The requirement of a permit for a “rally” consisting of four or more persons clearly violates the Wisconsin Constitution, as has been explained in this week’s decision by Chief Judge Conley. The Constitution protects the right of citizens to assemble and speak in public places; the capitol rotunda is such a public place. Since Judge Conley’s ruling invalidate the four or more” nonsense, the rule now does not address the number of people who may constitutionally assemble there without the requirement that a group or individual accept responsibility for the assemblage and apply for a permit. A small group of people peacefully singing folk songs during non-working hours in the rotunda cannot reasonably be denied the right to continue to do so without running afoul of Constitutional protections.
The DOA’s response to Judge Conley’s decision requires amendment of Ch. Adm. 2 which should be accomplished only after appropriate input is solicited and obtained and after those affected have the opportunity to be heard. How is it to be determined whether an individual’s expectation of the size of the group is reasonable? What effort will be made to inform assembled individuals that their assembly is deemed unlawful prior to the issuing of citations? What does it mean to “participate” in an “event?” What happens to me if I appear as “participant” number 17 and subsequently four more people show up? These and many other questions must be thoughtfully and responsibly addressed prior to the implementation of any rule. Today, the language of the rule is so vague as to deny notice to persons in the Capitol building as to whether their presence is objectionable to the DOA – and that assumes that the DOA has the right to object in the first place.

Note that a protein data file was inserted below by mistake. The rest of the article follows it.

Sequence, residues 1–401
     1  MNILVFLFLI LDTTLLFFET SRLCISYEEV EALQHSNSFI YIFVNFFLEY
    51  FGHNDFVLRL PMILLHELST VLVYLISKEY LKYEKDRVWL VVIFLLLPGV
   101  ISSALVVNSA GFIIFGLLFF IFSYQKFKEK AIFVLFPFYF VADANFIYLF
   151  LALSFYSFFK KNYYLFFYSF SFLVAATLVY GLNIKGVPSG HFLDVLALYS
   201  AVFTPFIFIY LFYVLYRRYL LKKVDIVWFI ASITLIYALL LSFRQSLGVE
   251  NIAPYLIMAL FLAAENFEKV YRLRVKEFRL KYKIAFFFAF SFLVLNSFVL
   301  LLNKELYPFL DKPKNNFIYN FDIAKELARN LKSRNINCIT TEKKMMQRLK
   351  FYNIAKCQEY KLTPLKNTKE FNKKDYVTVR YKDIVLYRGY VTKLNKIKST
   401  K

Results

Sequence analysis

This brings me to my last point: the rule as promulgated does not give proper deference to First Amendment rights as compared to other “events” for which people might wish to reserve the rotunda. Weddings and private events can constitute a proper use of public spaces, but not at the expense of the function the space is designed to serve. Even a worthy event such as the Red Cross Blood Drive is a permissive use of space in the Capitol building. The DOA has authority to promulgate rules with respect to permissive uses of the building, though the attempt to do so with this “emergency” rule is certainly flawed.
On the other hand, the use of the rotunda for the exercise of the rights to speak freely, to assemble, and to petition our government for the redress of grievances has primacy over all other uses of the space, pursuant to the Wisconsin Constitution. The “emergency” rule changes fail to acknowledge that the exercise of Constitutional rights stands before all other uses of the Capitol building. This major conceptual flaw in the drafting of the rule virtually guarantees that it cannot withstand court scrutiny and thus this entire exercise of invalid promulgation of a fatally flawed rule is a colossal waste of taxpayer time and money.
The bottom line: there is no emergency. Nothing is happening today that hasn’t happened daily for the past many, many months. The haste with which this “emergency” rule was crafted has resulted in sloppy and unenforceable drafting and impermissible restriction on Constitutionally protected rights.
It is clear that the daily presence of the Solidarity Sing Along in the rotunda has hit a nerve with the present administration; the DOA oversteps its authority by declaring a bogus “emergency” in a flawed attempt to spare Scott Walker from hearing from the people who oppose the multitude of travesties he is inflicting on our state. It is Scott Walker’s duty and solemn obligation to listen to his constituents. His minions must take a deep breath, go back to the drawing board, read about the history of our magnificent Capitol building, review the Constitution, and start over to draft a rule that respects the rights of the governed.